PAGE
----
- The Washington Times - Sunday, April 2, 2006

BAGHDAD — Leaders of Iraq’s ruling Shi’ite Alliance bloc called publicly for the first time yesterday for Ibrahim al-Jaafari to step down as prime minister to break weeks of deadlock over a national-unity government.

Meanwhile, a U.S. combat helicopter came down, the military said. A spokesman said it wasn’t known whether the crew survived. A militant group said it shot down the aircraft near Baghdad, and a local official said residents saw a two-seater Apache gunship take fire and crash.

The move against Mr. al-Jaafari, declared publicly by one leader and echoed, anonymously, by others, came as parties held their latest round of talks on a grand coalition with Kurds and Sunnis.

Kurds and Sunnis remain adamant in their rejection of Mr. al-Jaafari.

A U.S. diplomat reiterated it was Washington’s “analysis” that Mr. al-Jaafari had not scored well on two key criteria for prime minister — his ability to unite Iraqis and his competence as a leader. But, he stressed to reporters, “We have no preference.”

He denied comments from rival Shi’ite leaders that President Bush had directly asked them to dismiss Mr. al-Jaafari.

U.S. and Iraqi officials say a unity government, more than three months after December’s election, is vital to averting all-out war after five weeks of spiraling sectarian bloodshed.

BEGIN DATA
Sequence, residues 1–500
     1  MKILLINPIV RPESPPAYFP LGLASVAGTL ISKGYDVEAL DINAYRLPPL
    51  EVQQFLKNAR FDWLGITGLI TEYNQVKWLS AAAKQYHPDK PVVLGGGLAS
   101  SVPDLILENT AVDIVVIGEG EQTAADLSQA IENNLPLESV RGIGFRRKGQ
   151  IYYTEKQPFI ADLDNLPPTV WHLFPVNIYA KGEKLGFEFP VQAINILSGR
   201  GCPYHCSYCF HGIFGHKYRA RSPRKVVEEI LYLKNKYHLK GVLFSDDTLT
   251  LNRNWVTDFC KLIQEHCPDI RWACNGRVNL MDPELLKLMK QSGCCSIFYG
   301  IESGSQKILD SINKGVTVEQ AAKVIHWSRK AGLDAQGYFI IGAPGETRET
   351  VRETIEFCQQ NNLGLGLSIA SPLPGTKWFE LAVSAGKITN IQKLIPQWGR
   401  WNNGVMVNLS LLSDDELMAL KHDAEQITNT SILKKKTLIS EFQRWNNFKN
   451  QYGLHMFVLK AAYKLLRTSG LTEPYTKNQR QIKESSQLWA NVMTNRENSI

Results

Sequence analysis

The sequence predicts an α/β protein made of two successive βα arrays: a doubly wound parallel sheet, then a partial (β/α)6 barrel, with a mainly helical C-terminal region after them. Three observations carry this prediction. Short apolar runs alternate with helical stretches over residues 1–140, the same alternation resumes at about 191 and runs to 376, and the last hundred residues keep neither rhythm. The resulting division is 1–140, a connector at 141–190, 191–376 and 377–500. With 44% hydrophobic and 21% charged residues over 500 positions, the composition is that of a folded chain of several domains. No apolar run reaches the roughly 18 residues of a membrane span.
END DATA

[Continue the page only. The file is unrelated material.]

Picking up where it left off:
“I call on Jaafari to take a courageous step and set a fine example by stepping down,” Kasim Daoud, a senior member of the independent group within the Alliance, told Reuters.

A top aide to Mr. al-Jaafari immediately rejected the call.

U.S. military spokesmen would say of the lost helicopter only that it went down southwest of Baghdad around dusk and “the status of the crew is unknown.”

The little-known Rashedeen Army said in a message, posted on the Internet before the military statement, that it shot down a helicopter near Yusufiyah.

A local official in the town said residents saw an Apache come down and crash. The area is a refuge for Sunni insurgents who have claimed the downings of many of the more than 50 helicopters lost in three years of war.

A U.S. Marine involved in a clash with insurgents on Friday died, bringing the number of deaths in March among U.S. troops to 30, the lowest monthly toll in two years. But Iraqi casualties have been rising.

Mr. al-Jaafari won the Alliance’s nomination in an internal ballot in February by a single vote over the candidate of the bloc’s most powerful party, aided by Iranian-backed cleric Sheik Muqtada al-Sadr.

But senior Alliance officials, speaking anonymously, said four of seven main groups within the bloc now wanted him to give up the nomination for a second term if, as is all but certain, he fails within a day or two to persuade Sunni and Kurdish parties to drop their refusal to serve in a Cabinet under him.

“Daoud’s call is supported by at least 60 percent of Alliance members of parliament,” another senior Alliance official from another group within the bloc said.

“We need another 24 hours before starting the battle.”

The United States, anxious for calm that would let it start pulling out its troops, has stepped up pressure for a coalition seen as critical to stemming sectarian violence that has killed hundreds since a major Shi’ite shrine was bombed a month ago.

Privately, rival Alliance leaders have been turning against Mr. al-Jaafari, but the call yesterday was their first public stand against Mr. al-Jaafari, who critics say has failed to stem violence and bolster the economy in his year as interim prime minister.

Some also view the soft-spoken physician’s reliance on the Iranian-backed Sheik al-Sadr with suspicion.

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